Then, in 2020, Bauer spiked the spin rate on his fastball. After ranking in the 82nd percentile of fastball spin rate in 2018 and 89th percentile in 2019, he ranked in the 100th percentile in 2020. His curve spin rate also skyrocketed, from 58th percentile in 2019 to 92nd percentile in 2020, all per Statcast. The results were eye-popping. Bauer allowed a .400 wOBA with his fastball in 2019, and a .224 wOBA in 2020. He allowed a .108 wOBA with his slider and a .219 wOBA with his curve. Every one of Bauer’s pitches in 2020 seemed to spin like crazy and drive hitters insane.

“For eight years I’ve been trying to figure out how to increase the spin on my fastball... But eight years later, I haven’t found any other way except using foreign substances,” Bauer wrote on the Players Tribune in February. Months later, Bauer managed to do the thing that he proclaimed was only possible via cheating.

I don’t personally much care on a moral ground if pitchers are using foreign substances to doctor the ball, but it does matter when doling out huge free agent deals. If Bauer had to join the (admittedly large) ranks of pitchers doctoring balls to reach ace status, can he maintain that status? Will MLB continue to turn a blind eye to this brand of cheating, and allow pitchers like Bauer to prosper? Will the league attempt to actually crack down on the practice, seemingly neutering a fair bit of Bauer’s value? Given how inconsistently MLB has handled both the sign-stealing brouhaha and the constantly-changing juiced ball, it’s an impossible task to discern how the league will approach a potential foreign-substance scandal.

Adding to the question marks around Bauer is his questionable clubhouse fit in the Bronx. Last July, when profiling Bauer as a potential trade target, I wrote this about his possible impact on the Yankees’ clubhouse:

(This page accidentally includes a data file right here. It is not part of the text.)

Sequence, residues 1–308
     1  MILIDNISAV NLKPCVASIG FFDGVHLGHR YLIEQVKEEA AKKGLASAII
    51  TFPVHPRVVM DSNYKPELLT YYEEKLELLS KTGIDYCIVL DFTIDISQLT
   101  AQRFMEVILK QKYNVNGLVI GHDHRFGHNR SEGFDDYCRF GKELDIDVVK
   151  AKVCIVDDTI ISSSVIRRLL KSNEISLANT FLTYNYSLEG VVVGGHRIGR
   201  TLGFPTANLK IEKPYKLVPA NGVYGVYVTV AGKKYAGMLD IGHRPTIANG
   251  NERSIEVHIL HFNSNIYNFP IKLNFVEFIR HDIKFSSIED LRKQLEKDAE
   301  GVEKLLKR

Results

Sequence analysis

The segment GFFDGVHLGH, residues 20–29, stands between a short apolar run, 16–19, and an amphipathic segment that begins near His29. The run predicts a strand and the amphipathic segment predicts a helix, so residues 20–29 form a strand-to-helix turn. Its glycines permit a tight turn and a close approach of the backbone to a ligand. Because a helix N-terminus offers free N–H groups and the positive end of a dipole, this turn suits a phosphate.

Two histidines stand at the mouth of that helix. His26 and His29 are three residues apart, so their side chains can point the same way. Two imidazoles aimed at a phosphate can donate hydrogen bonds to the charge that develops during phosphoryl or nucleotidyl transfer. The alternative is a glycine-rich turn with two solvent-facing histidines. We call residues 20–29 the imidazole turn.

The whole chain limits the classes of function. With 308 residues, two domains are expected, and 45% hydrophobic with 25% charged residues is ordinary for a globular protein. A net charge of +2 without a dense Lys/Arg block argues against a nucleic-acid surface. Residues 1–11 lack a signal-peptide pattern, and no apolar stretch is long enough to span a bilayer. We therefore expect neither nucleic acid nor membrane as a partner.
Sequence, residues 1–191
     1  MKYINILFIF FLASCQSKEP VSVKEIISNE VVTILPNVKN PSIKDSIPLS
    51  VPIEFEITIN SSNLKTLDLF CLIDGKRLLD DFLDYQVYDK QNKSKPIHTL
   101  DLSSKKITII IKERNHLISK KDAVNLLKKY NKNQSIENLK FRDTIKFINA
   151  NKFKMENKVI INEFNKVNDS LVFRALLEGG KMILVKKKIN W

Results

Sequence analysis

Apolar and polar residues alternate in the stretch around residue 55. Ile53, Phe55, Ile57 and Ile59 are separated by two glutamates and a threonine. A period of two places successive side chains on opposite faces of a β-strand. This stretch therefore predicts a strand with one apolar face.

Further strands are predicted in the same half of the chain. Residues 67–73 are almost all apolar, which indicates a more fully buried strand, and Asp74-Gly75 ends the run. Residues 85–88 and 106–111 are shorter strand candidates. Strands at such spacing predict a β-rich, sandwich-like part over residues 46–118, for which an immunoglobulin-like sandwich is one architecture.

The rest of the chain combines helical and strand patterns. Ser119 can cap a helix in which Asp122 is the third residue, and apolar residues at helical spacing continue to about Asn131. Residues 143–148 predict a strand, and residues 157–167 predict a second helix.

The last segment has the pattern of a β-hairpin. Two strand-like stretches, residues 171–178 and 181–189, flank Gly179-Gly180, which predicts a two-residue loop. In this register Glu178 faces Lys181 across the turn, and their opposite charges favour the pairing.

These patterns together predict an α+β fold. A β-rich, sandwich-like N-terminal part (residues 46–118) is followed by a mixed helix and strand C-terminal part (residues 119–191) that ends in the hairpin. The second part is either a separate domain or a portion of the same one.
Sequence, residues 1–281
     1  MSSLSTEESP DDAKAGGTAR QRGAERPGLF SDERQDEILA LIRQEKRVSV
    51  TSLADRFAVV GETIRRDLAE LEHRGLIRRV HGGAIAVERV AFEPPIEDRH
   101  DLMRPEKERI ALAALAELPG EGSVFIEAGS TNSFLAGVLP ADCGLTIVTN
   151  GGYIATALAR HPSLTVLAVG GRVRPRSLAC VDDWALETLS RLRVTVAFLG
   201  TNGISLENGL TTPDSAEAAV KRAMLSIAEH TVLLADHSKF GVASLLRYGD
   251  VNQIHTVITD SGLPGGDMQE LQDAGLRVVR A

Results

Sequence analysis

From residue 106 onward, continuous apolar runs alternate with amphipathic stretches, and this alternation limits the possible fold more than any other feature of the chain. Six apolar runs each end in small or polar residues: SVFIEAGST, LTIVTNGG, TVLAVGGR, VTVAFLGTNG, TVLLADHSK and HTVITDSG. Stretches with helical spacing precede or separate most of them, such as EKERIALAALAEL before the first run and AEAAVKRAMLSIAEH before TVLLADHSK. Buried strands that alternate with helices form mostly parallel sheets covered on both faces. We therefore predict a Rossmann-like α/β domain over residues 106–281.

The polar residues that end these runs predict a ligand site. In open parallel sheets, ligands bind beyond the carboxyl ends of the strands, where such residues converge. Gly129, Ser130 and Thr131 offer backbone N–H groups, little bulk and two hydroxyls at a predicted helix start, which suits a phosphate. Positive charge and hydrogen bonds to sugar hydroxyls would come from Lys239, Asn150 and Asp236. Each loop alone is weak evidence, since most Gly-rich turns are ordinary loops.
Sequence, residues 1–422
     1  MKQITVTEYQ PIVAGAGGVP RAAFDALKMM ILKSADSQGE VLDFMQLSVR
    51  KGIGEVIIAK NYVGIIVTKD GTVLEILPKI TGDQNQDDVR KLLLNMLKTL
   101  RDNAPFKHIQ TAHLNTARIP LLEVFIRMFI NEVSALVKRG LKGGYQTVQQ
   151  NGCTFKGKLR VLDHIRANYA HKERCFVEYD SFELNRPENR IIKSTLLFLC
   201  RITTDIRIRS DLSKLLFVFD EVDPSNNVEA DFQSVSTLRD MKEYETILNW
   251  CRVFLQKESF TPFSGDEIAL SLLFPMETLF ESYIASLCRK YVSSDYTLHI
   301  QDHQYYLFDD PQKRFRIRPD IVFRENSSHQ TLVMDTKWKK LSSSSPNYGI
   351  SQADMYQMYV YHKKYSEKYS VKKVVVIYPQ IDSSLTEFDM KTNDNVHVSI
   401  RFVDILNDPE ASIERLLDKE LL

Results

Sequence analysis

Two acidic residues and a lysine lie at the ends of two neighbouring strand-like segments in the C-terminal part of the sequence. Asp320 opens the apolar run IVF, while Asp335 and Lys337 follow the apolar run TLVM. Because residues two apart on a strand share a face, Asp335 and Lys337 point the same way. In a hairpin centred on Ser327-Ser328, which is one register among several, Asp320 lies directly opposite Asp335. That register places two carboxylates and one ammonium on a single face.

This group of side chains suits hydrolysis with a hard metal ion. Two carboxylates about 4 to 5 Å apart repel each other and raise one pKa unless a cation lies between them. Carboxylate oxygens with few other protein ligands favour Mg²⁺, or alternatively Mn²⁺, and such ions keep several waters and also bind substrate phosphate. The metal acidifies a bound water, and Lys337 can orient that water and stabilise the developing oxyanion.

The Yankees, however, are not fans. They are an organization that has cultivated a thriving and open clubhouse, one welcome to all kinds of players from all walks of life. They are an organization that has often prioritized makeup, most recently spending heaps of draft capital on less toolsy players that come with glowing reports of excellent makeup.

I don’t think much has changed since last summer. The Yankees still seem to prioritize plus-character, and still seem to have a strong clubhouse culture. I don’t know how to quantify clubhouse chemistry, but I don’t doubt its existence. It’s hard to imagine adding Bauer would do much to benefit the team’s chemistry, but it’s not hard to envision ways in which Bauer could throw the Yankees’ chemistry out of balance.

Altogether, I only see one argument for adding Bauer: the Yankees need a starting pitcher, and Bauer is the best one available. Any other view of the matter would lead one to believe the Yankees should pass. Bauer achieved Cy Young status likely by employing means that we can’t ensure are sustainable. He’s also a controversial figure, since controversial is the only term we can muster to describe dudes who say detestable stuff on the internet. The Yankees could find simpler ways to improve their rotation, such as by just keeping Tanaka and his wholesome Instagram content within the organization.